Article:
As you can see, I loved wearing all white. I still do. I look at this photo and see a very happy boy loving the camera. My mother wondered years later why it took me forever to get ready for school every morning. She used to say:
With gusto and full vigor, I did an acapella rendition of Marcie Blane's "Bobby's Girl".
My cousins were mortified as I belted out,
"I wannbe... Bobby's Girl. That's the most important thing to me!" I finished the song and bowed to a very confused audience.
High school was not as difficult, since I went to the Fashion Illustration & Design school in Manhattan. The kids in the arts tended to be a little more accepting with gay people. However, my home life wasn't as rosy.
I came out to my parents at 17, and in 1982, news of the AIDS epidemic was everywhere.
I was exiled to the basement, and only allowed to use the bathroom down there.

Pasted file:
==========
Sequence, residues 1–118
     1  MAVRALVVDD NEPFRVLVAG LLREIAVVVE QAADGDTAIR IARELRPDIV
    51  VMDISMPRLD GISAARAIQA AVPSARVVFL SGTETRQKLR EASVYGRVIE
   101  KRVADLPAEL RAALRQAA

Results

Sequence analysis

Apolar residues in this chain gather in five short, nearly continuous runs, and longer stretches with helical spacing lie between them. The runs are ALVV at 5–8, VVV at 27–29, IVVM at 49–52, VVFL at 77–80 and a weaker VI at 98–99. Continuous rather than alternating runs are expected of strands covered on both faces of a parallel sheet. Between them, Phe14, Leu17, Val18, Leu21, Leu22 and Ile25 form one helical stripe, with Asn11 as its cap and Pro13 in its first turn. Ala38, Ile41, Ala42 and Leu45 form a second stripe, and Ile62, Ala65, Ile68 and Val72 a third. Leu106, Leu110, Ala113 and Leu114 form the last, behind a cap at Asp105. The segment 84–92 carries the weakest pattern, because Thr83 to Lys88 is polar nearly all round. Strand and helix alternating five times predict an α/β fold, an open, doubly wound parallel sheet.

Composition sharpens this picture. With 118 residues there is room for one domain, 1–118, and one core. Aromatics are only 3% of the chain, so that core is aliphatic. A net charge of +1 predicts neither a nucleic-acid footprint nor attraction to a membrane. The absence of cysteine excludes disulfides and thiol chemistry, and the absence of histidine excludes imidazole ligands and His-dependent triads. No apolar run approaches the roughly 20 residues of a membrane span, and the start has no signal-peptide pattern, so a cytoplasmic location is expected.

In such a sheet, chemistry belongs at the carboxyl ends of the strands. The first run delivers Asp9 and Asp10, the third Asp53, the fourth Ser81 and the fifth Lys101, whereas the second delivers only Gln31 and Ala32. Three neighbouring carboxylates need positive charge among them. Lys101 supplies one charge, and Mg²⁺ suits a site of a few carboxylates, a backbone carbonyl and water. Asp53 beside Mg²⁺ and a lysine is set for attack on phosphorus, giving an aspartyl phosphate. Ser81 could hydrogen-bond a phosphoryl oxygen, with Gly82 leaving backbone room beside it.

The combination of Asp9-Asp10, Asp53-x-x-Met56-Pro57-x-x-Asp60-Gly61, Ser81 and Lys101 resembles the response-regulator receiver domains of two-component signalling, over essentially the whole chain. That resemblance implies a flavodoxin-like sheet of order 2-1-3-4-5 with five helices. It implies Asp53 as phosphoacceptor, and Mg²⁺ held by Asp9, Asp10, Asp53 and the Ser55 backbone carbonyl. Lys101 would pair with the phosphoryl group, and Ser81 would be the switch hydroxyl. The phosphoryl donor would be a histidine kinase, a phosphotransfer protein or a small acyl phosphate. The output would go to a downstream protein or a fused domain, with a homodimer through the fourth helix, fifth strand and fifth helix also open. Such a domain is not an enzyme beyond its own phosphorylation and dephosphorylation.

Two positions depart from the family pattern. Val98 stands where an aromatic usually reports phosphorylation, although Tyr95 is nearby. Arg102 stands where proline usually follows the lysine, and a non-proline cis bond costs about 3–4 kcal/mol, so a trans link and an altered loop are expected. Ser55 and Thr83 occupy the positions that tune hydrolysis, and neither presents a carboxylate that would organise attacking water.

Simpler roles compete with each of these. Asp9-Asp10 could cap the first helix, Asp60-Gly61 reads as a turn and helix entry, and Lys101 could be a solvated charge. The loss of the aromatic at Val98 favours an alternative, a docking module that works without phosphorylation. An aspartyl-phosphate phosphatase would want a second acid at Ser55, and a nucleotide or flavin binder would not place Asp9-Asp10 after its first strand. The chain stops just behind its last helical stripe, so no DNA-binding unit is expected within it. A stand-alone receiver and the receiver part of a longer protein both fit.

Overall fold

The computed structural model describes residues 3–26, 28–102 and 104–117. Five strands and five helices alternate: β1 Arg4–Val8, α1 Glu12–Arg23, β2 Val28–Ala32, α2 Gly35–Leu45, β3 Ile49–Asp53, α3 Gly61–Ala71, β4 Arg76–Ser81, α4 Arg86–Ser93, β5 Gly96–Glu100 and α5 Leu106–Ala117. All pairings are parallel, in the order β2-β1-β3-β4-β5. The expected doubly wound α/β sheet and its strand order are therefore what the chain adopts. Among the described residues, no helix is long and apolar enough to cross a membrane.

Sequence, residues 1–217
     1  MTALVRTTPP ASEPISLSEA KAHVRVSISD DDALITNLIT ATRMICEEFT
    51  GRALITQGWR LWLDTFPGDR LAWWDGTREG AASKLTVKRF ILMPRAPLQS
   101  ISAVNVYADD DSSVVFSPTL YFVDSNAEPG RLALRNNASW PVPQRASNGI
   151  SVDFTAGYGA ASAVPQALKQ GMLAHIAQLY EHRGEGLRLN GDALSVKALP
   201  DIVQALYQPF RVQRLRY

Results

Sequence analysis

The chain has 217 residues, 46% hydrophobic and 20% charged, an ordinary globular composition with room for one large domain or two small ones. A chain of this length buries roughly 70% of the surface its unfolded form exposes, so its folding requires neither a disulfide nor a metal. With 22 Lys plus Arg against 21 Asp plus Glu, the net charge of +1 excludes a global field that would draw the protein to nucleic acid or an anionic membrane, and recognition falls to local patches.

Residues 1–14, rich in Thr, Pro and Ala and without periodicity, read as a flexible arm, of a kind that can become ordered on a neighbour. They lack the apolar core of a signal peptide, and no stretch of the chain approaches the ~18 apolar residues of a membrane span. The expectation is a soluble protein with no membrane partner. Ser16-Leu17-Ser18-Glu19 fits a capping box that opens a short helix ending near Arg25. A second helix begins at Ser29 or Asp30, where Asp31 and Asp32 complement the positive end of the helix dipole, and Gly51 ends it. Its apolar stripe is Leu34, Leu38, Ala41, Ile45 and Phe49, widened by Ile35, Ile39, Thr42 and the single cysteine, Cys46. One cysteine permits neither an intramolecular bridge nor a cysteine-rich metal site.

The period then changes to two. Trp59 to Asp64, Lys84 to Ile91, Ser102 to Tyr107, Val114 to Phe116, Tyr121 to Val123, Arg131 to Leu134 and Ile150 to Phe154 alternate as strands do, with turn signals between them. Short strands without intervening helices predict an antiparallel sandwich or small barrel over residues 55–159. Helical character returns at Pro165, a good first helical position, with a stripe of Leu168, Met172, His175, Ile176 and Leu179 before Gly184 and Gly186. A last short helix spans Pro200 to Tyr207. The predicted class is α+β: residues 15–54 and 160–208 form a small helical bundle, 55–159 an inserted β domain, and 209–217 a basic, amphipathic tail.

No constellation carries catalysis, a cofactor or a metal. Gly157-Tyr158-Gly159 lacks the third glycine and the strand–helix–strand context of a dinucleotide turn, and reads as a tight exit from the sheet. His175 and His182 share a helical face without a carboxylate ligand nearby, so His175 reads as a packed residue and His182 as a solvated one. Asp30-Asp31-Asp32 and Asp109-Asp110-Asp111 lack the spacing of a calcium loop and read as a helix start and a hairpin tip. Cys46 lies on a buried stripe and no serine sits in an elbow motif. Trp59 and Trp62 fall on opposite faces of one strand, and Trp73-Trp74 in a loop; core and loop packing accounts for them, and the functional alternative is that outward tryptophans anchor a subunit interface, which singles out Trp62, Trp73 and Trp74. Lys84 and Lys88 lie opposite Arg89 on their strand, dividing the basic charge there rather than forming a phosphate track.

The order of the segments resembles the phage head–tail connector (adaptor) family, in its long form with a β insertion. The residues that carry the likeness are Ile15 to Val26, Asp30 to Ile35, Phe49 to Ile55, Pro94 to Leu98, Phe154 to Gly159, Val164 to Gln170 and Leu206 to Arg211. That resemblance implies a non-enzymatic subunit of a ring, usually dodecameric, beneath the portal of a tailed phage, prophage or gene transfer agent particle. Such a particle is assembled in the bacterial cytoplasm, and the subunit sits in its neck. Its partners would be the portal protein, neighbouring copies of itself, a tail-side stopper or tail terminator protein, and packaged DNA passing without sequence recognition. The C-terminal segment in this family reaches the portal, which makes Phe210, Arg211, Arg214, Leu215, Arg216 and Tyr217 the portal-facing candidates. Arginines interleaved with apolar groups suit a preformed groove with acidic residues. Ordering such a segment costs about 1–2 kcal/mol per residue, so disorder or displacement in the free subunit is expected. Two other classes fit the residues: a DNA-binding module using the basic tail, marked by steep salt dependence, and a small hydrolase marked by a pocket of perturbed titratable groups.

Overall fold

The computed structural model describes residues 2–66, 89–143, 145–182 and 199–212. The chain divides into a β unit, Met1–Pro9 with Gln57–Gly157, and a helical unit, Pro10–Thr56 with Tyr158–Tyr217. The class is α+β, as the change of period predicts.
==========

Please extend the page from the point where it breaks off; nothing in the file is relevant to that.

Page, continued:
I had my own set of dishes and utensils, and couldn't even wash my clothes along with the rest of the family. I was basically an outcast in my own home, so I left at 19 and moved in with my 20-year old boyfriend.
It took years of therapy and soul searching, but my family and I are very close now. We all had to grow and accept each other for who we truly are. Now, we can fully love and care for one another.
My grandmother once said to me in 1983: "It doesn't matter that you have the heart of a woman, as long as you're happy and make something of yourself...
My advice to young kids who are having trouble with their family, is to give it time. Don't give up on each other. Learn from and teach one another, but always come from love and truth.